On February 19, 2015, Justice Sherwood of the New York County Commercial Division issued a decision in Maina v. Rapid Funding NYC, LLC, 2015 NY Slip Op. 30244(U), denying a motion for fees because it sought to impose a penalty.
In Maina, the defendant was granted summary judgment on a note. However, the court denied the defendant’s motion for attorney’s fees of 20% of the face value of the note (as provided by the note), finding that there was “no evidence to support the reasonableness of the” fees, rendering the 20% fee amount in the note an unenforceable penalty. The defendant moved again for summary judgment for its fees, which the court again denied, explaining:
In deciding the prior summary judgment motion, the Court held that the provision at issue providing for the plaintiffs payment of defendants’ attorneys’ fees constituted an unenforceable penalty. Indeed, a provision for the payment of an arbitrary amount as an attorney’s fee is in the nature of a penalty and therefore unenforceable. The provision for payment of fees itself did not provide for recovery of reasonable attorneys fees; rather, the provision provided for payment of an arbitrary percentage of the amount of the Joan then outstanding. Accordingly, the Court declined to enforce the provision and denied the summary judgment motion to the extent it sought attorneys’ fees. The Court’s order was not an invitation to the defendants to file a new summary judgment motion and to submit evidence of the reasonableness of their fees. Once the offending fee provision is struck as an unenforceable penalty, the instant application must fail.
In support of the argument that Rapid Funding’s counsel is entitled to seek attorneys’ fees from Maina despite the court’s prior denial of their application, defendants rely nearly exclusively on Korea First Bank v K. Y. Lee. In that case, the United States District Court for the Southern District of New York vacated an award of attorneys’ fees on the grounds that the contractual provision providing for them in a fixed percentage was unenforceable as a matter of law. However, the court permitted the plaintiff [to] attempt to establish the reasonable amount of their fees in a subsequent motion. The case is distinguishable from the instant case in several ways.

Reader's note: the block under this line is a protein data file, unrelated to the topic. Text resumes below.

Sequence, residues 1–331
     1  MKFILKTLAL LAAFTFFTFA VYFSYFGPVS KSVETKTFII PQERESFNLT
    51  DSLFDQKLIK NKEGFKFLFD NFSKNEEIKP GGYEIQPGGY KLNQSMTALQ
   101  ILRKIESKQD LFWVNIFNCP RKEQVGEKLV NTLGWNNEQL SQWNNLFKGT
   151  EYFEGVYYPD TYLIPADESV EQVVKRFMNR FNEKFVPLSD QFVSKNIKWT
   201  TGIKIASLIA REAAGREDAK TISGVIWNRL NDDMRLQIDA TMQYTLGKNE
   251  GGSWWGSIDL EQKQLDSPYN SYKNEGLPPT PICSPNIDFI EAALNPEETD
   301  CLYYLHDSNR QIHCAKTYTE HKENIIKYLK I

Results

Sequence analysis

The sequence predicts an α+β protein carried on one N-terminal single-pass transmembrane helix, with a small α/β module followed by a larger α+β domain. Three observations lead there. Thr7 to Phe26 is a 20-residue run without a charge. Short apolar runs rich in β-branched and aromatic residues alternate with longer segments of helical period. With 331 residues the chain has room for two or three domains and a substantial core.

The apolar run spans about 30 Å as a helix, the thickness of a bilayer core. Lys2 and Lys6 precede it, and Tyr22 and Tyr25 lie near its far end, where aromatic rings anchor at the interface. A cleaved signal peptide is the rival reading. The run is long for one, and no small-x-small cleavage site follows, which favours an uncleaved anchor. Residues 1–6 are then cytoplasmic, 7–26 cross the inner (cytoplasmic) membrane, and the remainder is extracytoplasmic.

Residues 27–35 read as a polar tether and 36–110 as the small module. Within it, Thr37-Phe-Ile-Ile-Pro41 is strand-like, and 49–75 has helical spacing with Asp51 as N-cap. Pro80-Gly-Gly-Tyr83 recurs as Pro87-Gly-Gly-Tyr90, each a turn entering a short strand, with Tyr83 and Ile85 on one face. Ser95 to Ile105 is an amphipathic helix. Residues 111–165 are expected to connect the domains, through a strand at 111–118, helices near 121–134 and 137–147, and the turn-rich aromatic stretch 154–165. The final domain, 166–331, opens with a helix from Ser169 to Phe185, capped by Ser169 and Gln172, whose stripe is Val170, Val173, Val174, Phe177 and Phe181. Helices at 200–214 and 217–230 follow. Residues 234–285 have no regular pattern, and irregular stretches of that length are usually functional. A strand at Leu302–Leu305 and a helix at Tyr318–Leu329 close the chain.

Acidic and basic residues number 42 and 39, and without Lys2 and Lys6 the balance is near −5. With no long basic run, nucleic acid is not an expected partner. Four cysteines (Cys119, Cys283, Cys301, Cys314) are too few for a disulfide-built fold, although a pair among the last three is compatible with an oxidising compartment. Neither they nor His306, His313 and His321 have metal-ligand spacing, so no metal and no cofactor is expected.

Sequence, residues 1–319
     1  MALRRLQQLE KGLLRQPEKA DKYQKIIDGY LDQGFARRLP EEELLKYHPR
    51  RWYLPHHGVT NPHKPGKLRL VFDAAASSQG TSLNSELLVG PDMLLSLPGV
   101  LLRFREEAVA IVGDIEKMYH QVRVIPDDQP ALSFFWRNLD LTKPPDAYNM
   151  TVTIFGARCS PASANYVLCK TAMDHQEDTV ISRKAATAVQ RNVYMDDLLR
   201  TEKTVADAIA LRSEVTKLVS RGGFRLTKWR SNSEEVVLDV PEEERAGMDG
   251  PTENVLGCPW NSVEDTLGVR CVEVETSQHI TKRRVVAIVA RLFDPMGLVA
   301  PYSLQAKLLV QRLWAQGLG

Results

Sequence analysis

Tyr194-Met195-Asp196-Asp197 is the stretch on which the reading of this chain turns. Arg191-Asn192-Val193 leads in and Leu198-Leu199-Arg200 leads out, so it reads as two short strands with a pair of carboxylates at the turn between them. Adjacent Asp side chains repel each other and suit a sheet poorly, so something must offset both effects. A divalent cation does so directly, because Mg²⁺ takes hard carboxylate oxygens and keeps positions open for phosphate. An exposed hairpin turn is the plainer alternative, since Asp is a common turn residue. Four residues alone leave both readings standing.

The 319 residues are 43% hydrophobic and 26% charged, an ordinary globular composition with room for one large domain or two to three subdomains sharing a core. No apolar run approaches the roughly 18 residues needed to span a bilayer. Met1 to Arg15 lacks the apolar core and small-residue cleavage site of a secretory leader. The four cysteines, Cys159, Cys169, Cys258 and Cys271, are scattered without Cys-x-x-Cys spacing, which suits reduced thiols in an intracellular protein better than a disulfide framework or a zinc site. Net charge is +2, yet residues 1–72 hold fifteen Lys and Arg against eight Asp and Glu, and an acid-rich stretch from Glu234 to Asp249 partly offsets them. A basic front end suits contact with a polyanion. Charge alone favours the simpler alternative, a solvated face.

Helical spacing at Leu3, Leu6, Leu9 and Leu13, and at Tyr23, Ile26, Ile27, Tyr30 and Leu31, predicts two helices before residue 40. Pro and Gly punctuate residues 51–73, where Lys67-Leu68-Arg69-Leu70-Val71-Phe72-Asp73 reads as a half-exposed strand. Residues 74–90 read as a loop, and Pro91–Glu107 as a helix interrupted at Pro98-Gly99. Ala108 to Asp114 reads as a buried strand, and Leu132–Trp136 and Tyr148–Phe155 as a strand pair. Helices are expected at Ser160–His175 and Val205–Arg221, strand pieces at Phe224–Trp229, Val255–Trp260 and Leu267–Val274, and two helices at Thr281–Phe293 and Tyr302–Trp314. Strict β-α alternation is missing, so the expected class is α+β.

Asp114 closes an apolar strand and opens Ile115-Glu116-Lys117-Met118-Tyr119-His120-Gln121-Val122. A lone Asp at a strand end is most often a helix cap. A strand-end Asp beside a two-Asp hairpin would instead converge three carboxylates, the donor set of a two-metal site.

[T]he Korea Bank court determined that an award of attorneys’ fees was proper insofar as the actual fee arrangement was disclosed and the fees were determined to be reasonable. In that case, it was not clear whether the contractual fee provision at issue served as a penalty rather than a good faith attempt to pre-estimate damages or as to be unconscionable. In the instant case, the court has already held that the contractual fee provision represents an unenforceable penalty. Accordingly, no purpose would be served by permitting successive summary judgment motions on this issue. Moreover, Korea Bank relied on Equitable Lumber Corp. v IPA Land Dev. Corp.. The fee provision in that case provided that the seller would be entitled to reasonable attorneys’ fees and that 30 percent would be a reasonable fee in the event it turned the matter over for collection. Accordingly, the Equitable Lumber court remanded for a determination of factual issues as to whether the 30 percent figure operated as a penalty, an issue already determined in this case. Additionally, the fee provision at issue here does not provide for reasonable
fees as an alternative to the set percentage.
(Internal quotations and citations omitted) (emphasis added).